Saturday, August 21, 2010

Redefining Lostness

We have been looking at the parable we often call the parable of the prodigal son. We have unpacked quite a bit already and we are only half way through. What we have learned so far is good and right and true, and I affirm it. But, I believe we will find the second half of the parable far more challenging. And so I decided we should back up just a touch and examine the context in which Jesus gives this parable, in order for us to better understand the message Jesus is giving.

Lets back up to the beginning of the chapter Luke 15:1

Now the tax collectors and "sinners" were all gathering around to hear him. But the Pharisees and the teachers of the law muttered, "This man welcomes sinners and eats with them." Then Jesus told them this parable:

Who are these parables aimed at?

Well they are about lostness and there are tax collectors and sinners present... so it must be Jesus preaching to the lost.

But what does the rest of the text say? Who else was there?

When the text says “Jesus told them this parable” what is that in response to?

Jesus begins telling these parables in response to the Pharisees and the teachers of the law...

So I ask again, who are these parables aimed at?

See we know Jesus came here to seek and save the lost. Jesus himself says so more then once. But I wonder do we really understand lostness?

One of the dangerous traps we can fall into is to think Jesus spent all his time with tax collectors and prostitutes and said things like its not the healthy that need a doctor but the sick...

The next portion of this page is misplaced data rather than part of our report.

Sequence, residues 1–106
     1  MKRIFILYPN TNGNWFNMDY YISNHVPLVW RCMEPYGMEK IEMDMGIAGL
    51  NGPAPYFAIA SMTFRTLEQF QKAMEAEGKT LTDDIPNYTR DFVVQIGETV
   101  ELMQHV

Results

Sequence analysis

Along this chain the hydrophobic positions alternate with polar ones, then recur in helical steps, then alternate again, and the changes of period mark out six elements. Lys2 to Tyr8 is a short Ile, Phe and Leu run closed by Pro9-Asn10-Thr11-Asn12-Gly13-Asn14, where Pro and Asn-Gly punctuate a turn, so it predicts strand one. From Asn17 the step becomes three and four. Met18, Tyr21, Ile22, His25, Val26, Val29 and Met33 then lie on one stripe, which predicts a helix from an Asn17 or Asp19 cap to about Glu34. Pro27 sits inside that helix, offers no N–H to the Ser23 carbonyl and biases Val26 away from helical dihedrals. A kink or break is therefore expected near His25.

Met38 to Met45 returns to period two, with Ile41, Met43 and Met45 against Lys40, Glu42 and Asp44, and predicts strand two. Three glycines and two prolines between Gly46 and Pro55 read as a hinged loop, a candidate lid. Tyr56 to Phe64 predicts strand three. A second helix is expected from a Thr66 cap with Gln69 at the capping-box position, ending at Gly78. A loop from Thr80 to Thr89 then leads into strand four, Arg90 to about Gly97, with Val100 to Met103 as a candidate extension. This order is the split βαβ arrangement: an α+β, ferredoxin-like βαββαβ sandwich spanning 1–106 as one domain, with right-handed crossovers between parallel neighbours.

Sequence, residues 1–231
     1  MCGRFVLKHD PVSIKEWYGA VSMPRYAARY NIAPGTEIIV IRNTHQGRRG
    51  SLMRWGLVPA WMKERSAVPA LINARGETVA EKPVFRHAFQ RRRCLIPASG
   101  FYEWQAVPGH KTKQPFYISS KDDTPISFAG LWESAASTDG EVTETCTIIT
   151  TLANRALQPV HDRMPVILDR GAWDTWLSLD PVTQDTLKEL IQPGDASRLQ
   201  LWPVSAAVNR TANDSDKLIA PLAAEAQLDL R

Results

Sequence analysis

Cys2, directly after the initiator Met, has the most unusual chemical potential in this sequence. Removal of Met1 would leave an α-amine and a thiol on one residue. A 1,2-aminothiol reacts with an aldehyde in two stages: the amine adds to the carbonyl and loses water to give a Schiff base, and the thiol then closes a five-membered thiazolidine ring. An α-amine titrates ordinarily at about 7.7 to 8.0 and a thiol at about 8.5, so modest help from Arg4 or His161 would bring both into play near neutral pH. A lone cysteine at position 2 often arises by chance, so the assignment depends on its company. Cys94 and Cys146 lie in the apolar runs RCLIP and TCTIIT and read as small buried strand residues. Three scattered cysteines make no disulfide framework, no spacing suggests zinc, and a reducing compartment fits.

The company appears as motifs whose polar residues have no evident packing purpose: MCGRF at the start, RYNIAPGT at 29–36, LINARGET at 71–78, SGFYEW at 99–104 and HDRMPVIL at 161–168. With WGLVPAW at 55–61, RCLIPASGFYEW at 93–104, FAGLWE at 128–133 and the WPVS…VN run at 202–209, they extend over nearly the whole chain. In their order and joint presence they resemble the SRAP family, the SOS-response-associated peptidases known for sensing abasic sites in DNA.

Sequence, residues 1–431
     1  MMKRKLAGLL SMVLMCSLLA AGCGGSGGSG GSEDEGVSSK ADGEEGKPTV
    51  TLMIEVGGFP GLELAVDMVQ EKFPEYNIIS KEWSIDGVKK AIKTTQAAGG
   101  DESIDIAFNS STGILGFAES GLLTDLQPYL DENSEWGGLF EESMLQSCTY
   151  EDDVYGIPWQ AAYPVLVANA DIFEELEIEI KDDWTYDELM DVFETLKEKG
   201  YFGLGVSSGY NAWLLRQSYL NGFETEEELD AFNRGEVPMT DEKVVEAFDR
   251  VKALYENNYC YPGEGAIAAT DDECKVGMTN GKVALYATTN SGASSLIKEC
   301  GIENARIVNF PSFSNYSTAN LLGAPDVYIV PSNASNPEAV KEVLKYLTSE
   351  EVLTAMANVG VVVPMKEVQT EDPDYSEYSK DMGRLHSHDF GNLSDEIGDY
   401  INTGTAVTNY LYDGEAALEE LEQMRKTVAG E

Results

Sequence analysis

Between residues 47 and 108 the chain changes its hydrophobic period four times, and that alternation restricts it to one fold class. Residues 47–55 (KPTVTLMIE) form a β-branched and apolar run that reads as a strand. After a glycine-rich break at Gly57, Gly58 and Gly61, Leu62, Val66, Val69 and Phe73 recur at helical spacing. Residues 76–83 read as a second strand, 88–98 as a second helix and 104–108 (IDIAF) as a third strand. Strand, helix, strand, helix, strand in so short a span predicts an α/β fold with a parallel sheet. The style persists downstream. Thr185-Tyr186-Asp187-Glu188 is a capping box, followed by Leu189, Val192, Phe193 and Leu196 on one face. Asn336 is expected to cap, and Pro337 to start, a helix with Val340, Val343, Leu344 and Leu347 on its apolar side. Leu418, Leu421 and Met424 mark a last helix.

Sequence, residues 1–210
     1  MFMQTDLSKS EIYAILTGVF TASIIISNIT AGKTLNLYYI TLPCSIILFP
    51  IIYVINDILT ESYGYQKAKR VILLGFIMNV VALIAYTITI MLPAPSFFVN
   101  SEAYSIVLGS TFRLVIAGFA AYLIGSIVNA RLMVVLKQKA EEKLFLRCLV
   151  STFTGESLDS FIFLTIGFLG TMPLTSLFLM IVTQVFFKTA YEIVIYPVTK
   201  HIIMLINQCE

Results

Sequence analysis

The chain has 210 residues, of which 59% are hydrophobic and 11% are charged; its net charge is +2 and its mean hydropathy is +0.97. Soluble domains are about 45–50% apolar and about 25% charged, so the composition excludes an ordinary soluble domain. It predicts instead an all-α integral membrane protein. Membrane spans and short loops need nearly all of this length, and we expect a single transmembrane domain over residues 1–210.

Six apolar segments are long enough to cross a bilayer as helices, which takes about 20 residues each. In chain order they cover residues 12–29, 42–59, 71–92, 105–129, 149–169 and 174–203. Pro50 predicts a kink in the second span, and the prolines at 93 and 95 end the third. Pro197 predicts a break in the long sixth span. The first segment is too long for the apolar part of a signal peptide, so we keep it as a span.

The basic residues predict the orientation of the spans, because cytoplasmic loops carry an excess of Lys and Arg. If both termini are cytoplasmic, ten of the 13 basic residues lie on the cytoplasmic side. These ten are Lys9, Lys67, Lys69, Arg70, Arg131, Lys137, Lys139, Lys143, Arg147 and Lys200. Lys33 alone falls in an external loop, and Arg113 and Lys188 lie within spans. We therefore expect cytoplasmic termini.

But Jesus recognizes another kind of sickness too. But its a little more subtle... See Jesus spends time with these religious elite, these Pharisees and the teachers of the law.

Luk 7:36

Now one of the Pharisees invited Jesus to have dinner with him, so he went to the Pharisee's house and reclined at the table.

Luk 14:1

One Sabbath, when Jesus went to eat in the house of a prominent Pharisee, he was being carefully watched.

Mar 7:1

The Pharisees and some of the teachers of the law who had come from Jerusalem gathered around Jesus and

Mar 7:2

saw some of his disciples eating food with hands that were "unclean," that is, unwashed.

So when Jesus tells these Parables he has a mixed crowd of listeners in mind, and he tells them in response to the religiosity of the Pharisees and the teachers of the law

Now with that firmly in mind lets listen to the first parable found in Luke 15:

"Suppose one of you has a hundred sheep and loses one of them. Does he not leave the ninety-nine in the open country and go after the lost sheep until he finds it? And when he finds it, he joyfully puts it on his shoulders and goes home. Then he calls his friends and neighbors together and says, 'Rejoice with me; I have found my lost sheep.'